Jennie Hudson
2nd Wilford Mitchell
1st Albert P Talbott
2nd C E Talbott
1st Frank B Hudson

The traitor who needed to be killed was Henry Wyatt, a hired hand who also lived in the Talbott house. The boys told Brighton that they had murdered their father and that Wyatt knew about it. They did not trust him and wanted Brighton to take him out of the way before he could betray them. Brighton took this information to the Marshall.

In the meantime, the sheriff had obtained information of his own, including a statement form Wilford Mitchell, one of the signers of the contract, implicating the Talbots. Albert and Charles Talbott, along with Henry Wyatt were arrested for the murder of Dr. Perry Talbott. Mrs. Talbott was held as an accessory.

Trial: January 13, 1881

The Talbott case generated enormous interest in Nodaway County and the trial had to be moved from the county courthouse to Union Hall, a room capable of holding seven or eight hundred people. But those chosen for the jury were form the most remote parts of the county and knew little of the case.

The prosecution presented the testimony of Jonas and Virginia Brighton who claimed the brothers had admitted to killing their father and had offered Jonas fifty dollars to kill Henry Wyatt. Wilford Mitchel and others testified that Albert Talbot had spoken about killing his father before the murder.

Henry Wyatt turned state’s evidence and testified that the Talbott brothers had planned several times to kill their father and that Charles had shot him through the window. He also told how the Talbotts made their own bullets by shaping pieces of lead, rifling them with a knife and loading them into cartridges. His description matched the bullet extracted from the wall.

The defense spent much of their time impeaching the character of Mr. and Mrs. Brighton.  More than a dozen depositions from Kansas attested to the bad character of Jonas who had spent four years in the state penitentiary and Jennie Hudson, who had a bad reputation for "morality and chastity" and might not have been legally married to Brighton.  They also presented evidence that Willford Mitchell had conspired with Frank Wyatt to murder Dr. Talbott and throw the blame on Talbott’s sons.

When the testimony ended, attorneys for the prosecution and defense, in alternating order, each delivered three closing arguments. The jury deliberated for two and a half hours and returned with a verdict of guilty of murder in the first degree.

Verdict: Guilty of first degree murder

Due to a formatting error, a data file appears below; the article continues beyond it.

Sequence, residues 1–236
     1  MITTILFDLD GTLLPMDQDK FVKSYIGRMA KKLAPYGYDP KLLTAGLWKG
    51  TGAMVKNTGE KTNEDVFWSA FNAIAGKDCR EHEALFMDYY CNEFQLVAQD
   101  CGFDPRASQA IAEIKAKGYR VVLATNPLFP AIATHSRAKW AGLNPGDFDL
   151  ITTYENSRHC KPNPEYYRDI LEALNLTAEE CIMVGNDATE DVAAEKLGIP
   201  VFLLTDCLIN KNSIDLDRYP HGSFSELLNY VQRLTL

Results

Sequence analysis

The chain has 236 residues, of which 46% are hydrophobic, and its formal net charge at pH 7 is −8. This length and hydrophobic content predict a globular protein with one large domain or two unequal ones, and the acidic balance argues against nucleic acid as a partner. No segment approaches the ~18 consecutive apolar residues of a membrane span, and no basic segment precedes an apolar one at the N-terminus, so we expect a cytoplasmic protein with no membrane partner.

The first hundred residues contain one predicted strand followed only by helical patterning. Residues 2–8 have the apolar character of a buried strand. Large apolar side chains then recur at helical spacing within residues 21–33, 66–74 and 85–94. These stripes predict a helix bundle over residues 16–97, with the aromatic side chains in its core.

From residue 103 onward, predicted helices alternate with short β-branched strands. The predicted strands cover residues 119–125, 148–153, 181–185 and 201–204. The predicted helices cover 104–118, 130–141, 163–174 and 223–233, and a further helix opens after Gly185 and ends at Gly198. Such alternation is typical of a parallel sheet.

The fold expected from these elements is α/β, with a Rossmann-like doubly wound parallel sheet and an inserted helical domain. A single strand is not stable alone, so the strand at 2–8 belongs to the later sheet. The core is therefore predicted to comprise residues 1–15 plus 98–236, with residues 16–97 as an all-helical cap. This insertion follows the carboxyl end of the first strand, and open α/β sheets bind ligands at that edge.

A motion for a new trial was denied and the Talbott brothers were sentenced to hang on March 25, 1881. The case was appealed to the state Supreme Court who upheld the verdict.
On June 24, 1881 thousands of people gathered in Maryville, Missouri to witness the execution of Albert and Charles Talbot, but at the last minute Governor Crittenden sent a telegram postponing the hanging until July 22.

During that interval, Charles Talbott confessed to murdering his father. After he had gone to bed the night of September 18, he heard his mother crying for help. He came downstairs and found his father kicking his mother as she lay on the floor. Charles grabbed as shotgun and shot his father in the back. His father told the story about the assassin because, facing death, he wanted to forgive and be forgiven, and because he wanted the public to think the national banks had hired an assassin to silence him.

The confession created a great deal of excitement in Maryville and changed quite a few minds regarding the Talbott brothers' guilt. Many believed that the truth had come out at last and thought the boys had defended their mother and should be released.  But others thought that the confession was self-serving and false. The governor was not convinced; the execution would go on as scheduled.

The day before the hanging the Talbott’s issued another “confession.” Albert spoke this time. He claimed that it was Wilford Mitchell who murdered his father. Several years before Mitchell’s wife had been a patient in the Talbott house where the doctor was treating her for consumption. Dr. Talbott and Mrs. Mitchell had an argument and Talbott sent her home. She got a chill on the way home and died soon after. Mitchell had held a grudge and conspired with Wyatt to murder Dr. Talbott.

This new statement had a negative effect. The boys lost the support of those who had believed Charles’s confession. This time the governor did not stay the execution.

On July 22, 1881, between eight and ten thousand men, women and children witnessed the hanging, in Maryville, Missouri, of Albert and Charles Talbott.

Segrave, Kerry. Parricide in the United States, 1840-1899 . Jefferson, NC: McFarland & Co., 2009.

Talbott, Albert P., and Charles E. Talbott. History of The Assassination of Dr. P.H. Talbott and The Trial of His Two Sons .. Maryville, Mo.: Printed by the Republican Steam Job and Book Office, 1880.